'A NON-FRIENDSHIP'Editor: I am surprised that the Sun...


March 06, 1994


Editor: I am surprised that the Sun Magazine editor wasted space in the magazine, and readers' time, on a non-story abut a non-friendship between two middle school girls -- one black, the other white ["The Color of Friendship," Jan. 23]. The so-called story emphasized all the negatives of race relations in Baltimore.

This article is not about friendship; it's about an ephemeral in school camaraderie. This is very common among students and among workers: people who feel an attraction toward each other but the attraction is only a school "thing" or a work "thing." A camaraderie such as described in the article happens all the time -- among same-race people as well as across racial lines.

The camaraderie does not extend beyond school or the workplace. And it does not last once the people are separated by a change in jobs or school.

The test of friendship [between Mya and Dawn] was the birthday sleepover hosted by the young woman who lives in Hamilton. She said she did not invite her black friend because she did not want her to feel out of place. If this were a "real" and "true" friendship, she would have ensured that her friend was invited and felt a part of the event.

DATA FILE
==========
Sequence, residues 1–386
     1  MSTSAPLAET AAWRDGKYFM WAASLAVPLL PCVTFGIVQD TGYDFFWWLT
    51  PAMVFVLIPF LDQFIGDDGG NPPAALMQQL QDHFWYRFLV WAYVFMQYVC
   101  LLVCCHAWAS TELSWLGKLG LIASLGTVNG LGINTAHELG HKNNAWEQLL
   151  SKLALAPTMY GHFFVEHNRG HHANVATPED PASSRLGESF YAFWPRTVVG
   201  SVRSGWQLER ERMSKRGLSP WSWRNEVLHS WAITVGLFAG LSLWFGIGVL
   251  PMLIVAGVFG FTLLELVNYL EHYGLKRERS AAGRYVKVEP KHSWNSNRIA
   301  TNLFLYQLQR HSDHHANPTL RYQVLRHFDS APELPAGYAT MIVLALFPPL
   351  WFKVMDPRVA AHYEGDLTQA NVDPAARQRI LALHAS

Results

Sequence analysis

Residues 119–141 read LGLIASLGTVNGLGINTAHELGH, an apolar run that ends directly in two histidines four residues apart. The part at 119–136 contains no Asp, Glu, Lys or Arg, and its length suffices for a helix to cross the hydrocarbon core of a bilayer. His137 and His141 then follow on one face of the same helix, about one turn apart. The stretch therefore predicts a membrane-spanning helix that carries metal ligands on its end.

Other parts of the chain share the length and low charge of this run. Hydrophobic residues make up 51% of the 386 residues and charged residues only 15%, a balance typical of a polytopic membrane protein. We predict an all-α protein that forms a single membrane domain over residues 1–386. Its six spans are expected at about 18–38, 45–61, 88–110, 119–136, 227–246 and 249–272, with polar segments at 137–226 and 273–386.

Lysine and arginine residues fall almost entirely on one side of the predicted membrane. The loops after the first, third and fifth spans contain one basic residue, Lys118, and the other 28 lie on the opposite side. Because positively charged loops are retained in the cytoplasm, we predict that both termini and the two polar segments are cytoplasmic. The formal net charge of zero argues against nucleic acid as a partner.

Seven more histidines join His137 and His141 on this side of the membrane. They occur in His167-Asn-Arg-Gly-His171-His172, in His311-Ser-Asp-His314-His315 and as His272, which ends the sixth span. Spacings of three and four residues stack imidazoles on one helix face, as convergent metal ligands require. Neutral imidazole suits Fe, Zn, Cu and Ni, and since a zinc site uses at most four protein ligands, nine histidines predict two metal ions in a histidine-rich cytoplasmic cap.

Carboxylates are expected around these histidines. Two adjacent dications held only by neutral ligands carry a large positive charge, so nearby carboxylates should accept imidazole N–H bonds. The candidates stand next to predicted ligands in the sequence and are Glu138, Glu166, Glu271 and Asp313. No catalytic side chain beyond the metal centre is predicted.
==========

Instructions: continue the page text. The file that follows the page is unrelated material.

I grew up in Baltimore when racial lines were much more sharply defined than they are today. Yet, when schools first integrated and many black students enrolled in formerly all-white schools, these same interracial camaraderies were very common. However, in many cases these relationships included visiting each other's homes, attending birthday parties, bar mitzvahs, class-day parties and the like. Those of us growing up in this era had less experience with interracial social life than exists today but we were able to forge relationships that lasted through high school.

If you want a story of real friendship . . . find those people who attended school in the late '50s and early '60s in Baltimore and examine a friendship that began at that time.

Bettina M. Scott, Ph.D


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